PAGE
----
It’s not hard to see why an album this intimate with its songwriters’ actual struggles keeps resonating with new listeners 20 years later. In a culture that’s gradually been expanding to include more women’s voices with narratives undeniably rooted in femininity, as well as one more prone than ever to accommodate piercing, honest lyricism about issues of mental illness and trauma, revisiting The Execution of All Things often feels like seeing the roadmap to indie rock’s future fully unfurled before you. Its direct influence on the artists who followed has been frequently documented as well, from the clear sonic footprints in the work of Waxahatchee’s Katie Crutchfield and Rilo Kiley’s Saddle Creek labelmates Hop Along, to the similarly unguarded writing of Girlpool’s Harmony Tividad. Now more than ever, it’s abundantly clear how The Execution of All Things rippled out into the music that followed.
Additionally in the record’s favor is its ability to endure by virtue of its songs standing on their own as strong singular entities while also forming a cohesive, nuanced portrait of personal strife as a whole. The sequence of “The Good That Won’t Come Out” into “Paint’s Peeling” marks the clear overture, introducing the key elements of self-critique and deteriorating interpersonal relationships, respectively, while the title track feels like a grand fatalistic assessment of what’s to be done when plagued with trouble within and without—the destruction of all things dear and sacred from the “soldiers” waging the “war” to which “The Good That Won’t Come Out” alludes. “My Slumbering Heart” thrives on the album’s thematic interplay, alternating between verses about idyllic dreams and how harshly one’s reality fails to live up to that in waking hours. But the most obvious throughline comes from the recurring outro segments composing a piece called “And That’s How I Choose To Remember It.” Each iteration of this framing device focuses on a different snapshot of Lewis’ reflections as a child of divorced parents against the backdrop of melting ice caps, where the complete picture slowly forms across the distinct narrative pieces set against the same minimalist sing-song synth melody.
This conceptual structure to the record is where Rilo Kiley’s exploration of the more lasting invisible strains of collapsing romantic relationships is at its rawest, as well as where the band’s own biography feels most present. Lewis and Sennett’s own romance splintered during the production of The Execution of All Things, and their creative partnership ended after their next two albums together. Knowing this, The Execution of All Things becomes a time capsule of sorts in not only recognizing how these artists were processing their feelings about their immediate circumstances, but also in seeing how the album captures a specific approach to writing on this subject—at times bitter and vicious, but necessary to steady unrest and provide understanding to listeners experiencing the same upheaval.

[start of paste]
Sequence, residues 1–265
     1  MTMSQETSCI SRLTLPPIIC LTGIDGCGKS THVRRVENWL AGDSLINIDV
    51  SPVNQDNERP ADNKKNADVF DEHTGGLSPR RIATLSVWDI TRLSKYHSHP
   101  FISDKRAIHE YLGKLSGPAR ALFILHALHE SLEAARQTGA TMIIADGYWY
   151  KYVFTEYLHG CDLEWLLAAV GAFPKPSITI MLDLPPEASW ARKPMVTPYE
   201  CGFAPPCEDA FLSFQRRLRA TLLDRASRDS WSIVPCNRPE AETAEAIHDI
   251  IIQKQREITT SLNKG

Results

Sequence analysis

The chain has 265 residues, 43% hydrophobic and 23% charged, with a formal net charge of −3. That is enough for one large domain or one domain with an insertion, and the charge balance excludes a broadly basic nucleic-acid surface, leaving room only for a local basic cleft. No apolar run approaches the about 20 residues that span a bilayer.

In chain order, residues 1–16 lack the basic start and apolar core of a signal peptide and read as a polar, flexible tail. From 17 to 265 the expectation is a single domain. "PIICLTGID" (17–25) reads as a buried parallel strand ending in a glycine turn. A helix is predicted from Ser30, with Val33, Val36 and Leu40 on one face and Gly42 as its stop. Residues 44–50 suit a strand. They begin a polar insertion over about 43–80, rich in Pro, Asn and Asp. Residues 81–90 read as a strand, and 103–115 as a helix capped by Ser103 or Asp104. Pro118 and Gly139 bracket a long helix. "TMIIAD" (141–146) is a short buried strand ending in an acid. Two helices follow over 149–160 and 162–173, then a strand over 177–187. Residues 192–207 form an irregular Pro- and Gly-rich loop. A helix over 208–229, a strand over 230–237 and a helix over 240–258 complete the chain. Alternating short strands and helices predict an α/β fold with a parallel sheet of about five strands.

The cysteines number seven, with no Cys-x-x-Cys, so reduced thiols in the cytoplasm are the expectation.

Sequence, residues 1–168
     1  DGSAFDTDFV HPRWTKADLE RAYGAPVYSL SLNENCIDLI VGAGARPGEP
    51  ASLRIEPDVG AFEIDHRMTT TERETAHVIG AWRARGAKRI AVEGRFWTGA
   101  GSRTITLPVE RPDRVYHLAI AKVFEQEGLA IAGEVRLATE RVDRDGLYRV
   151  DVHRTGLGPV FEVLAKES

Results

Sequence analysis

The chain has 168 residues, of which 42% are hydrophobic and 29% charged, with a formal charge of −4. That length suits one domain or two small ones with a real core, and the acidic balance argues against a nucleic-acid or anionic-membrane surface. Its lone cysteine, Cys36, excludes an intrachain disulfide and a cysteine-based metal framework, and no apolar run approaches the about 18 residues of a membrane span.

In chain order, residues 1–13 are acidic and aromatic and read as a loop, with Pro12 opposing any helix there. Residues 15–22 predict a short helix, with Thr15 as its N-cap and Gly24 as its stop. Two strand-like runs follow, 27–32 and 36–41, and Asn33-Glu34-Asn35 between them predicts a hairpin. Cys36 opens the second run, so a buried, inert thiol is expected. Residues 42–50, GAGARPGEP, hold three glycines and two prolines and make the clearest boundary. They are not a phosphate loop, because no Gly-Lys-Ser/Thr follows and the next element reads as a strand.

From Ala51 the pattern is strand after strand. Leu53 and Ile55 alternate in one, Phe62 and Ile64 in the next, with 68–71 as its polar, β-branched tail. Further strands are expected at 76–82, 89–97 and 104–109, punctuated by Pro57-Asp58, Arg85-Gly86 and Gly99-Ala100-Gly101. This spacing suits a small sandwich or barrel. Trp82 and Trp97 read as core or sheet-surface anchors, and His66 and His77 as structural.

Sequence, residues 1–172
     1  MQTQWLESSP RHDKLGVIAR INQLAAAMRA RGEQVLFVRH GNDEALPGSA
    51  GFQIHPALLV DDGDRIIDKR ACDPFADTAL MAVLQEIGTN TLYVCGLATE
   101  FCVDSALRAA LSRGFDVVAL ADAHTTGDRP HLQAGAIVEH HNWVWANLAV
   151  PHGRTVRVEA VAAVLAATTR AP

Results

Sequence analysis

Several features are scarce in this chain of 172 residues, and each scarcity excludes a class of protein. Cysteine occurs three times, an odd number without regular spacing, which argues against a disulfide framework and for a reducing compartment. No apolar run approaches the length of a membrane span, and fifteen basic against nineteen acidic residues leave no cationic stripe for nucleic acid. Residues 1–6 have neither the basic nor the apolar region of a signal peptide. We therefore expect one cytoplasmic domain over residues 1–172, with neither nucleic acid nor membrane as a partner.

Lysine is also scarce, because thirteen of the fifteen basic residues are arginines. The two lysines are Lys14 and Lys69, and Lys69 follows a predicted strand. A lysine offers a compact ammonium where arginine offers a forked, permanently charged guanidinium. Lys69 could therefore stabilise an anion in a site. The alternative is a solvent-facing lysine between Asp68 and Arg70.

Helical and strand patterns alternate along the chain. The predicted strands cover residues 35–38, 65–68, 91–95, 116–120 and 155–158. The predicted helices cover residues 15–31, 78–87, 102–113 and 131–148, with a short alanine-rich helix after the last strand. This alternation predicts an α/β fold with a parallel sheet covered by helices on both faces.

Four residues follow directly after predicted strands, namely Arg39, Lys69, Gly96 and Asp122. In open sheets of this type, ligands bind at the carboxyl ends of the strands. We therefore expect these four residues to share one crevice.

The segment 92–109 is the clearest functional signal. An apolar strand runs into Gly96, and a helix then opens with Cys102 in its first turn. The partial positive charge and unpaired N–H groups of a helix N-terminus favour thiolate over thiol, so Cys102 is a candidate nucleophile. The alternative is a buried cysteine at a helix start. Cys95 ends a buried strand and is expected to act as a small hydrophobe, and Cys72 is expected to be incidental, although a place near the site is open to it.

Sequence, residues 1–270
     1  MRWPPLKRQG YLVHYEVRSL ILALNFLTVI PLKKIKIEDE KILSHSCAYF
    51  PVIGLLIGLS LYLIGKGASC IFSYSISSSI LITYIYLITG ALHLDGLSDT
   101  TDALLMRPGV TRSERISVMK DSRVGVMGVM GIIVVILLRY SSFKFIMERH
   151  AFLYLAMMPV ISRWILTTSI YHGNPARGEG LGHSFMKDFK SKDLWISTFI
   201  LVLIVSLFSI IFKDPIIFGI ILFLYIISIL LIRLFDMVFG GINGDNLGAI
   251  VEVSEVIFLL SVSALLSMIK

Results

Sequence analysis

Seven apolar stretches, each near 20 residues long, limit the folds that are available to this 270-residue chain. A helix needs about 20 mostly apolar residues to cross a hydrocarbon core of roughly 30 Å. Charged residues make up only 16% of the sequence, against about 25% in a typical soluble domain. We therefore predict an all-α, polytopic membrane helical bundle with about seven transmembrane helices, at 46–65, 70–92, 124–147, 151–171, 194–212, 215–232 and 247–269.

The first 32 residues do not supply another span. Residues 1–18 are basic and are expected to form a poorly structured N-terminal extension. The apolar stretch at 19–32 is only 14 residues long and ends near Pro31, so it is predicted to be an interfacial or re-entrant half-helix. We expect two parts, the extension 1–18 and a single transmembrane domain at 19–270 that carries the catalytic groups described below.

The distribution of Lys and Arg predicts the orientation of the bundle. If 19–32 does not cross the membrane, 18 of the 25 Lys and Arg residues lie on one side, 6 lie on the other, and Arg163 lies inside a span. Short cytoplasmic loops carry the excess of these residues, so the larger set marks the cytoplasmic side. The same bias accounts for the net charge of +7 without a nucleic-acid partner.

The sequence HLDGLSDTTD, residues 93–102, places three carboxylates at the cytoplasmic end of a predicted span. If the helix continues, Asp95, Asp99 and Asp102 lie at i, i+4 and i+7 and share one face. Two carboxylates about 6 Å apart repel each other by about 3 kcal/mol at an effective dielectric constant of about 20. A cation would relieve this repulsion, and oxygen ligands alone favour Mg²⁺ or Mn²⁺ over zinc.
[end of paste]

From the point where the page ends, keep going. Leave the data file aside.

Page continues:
Through this lens, my own attachment to The Execution of All Things feels inseparable from the circumstances that allowed me to recognize myself in it, as I imagine is the case for many others who hold it close. On my first listen during my college years, when I had few reference points for its scornful outlook toward romantic partners, or the background Lewis and Sennett were coming from, with only the record’s qualities as a piece of music landing with me. When I next revisited it per my girlfriend’s recommendation in the early days of our relationship, past the age Lewis and Sennett were during recording, the pangs of familiarity were unmistakable—in how it deals with the tangled web of emotions as bonds erode, in its unflinching depictions of the roughest lows of depressive insecurity, in how my move to the Midwest after living my life on the East Coast made me reevaluate my ties to the natural world around me for as long as it may still remain.
Beyond that initial rediscovery, The Execution of All Things has continued to serve as a crucial beacon in times of need. It was the first album I turned to for comfort as I began to navigate my own processing of my parents’ divorce. During my lowest days, its thematic arc acted as a reminder to find strength in holding onto what good the world outside me held, even when it felt like the good would never come out of me. The affirmations in the face of internal struggle on “A Better Son/Daughter” brought a sense of hope in forging on, especially in linking the song’s gendered language toward my own trials as a trans woman.
Because what The Execution of All Things thrives on—even 20 years later, long after its newness to me had worn off—is its capacity for catharsis amid defeat. It’s there from the very beginning of the record, in “The Good That Won’t Come Out” suddenly expanding from its lo-fi sound to an arresting finish that makes Lewis’ voice louder, bolder, reaching far beyond its initial understated confessions. It’s in the showstopping, triumphant march and emphatic, therapeutic spits of “fuck” on “A Better Son/Daughter,” and in the frenzied climactic screams and guitar trills of “My Slumbering Heart.” And it remains there until the album’s very end, where Jenny Lewis lets out one last yell: “It’s so fuckin’ beautiful.” Though anguish and friction lie at the core of The Execution of All Things, it’s these moments of hard-won rapture that ring out louder than anything else.
Natalie Marlin is a freelance music and film writer based in Minneapolis who has contributed to sites such as Stereogum, Little White Lies and Bitch Media, and previously wrote as a staff writer at Allston Pudding. She also regularly appears on the Indieheads Podcast. Follow her on Twitter at @NataliesNotInIt.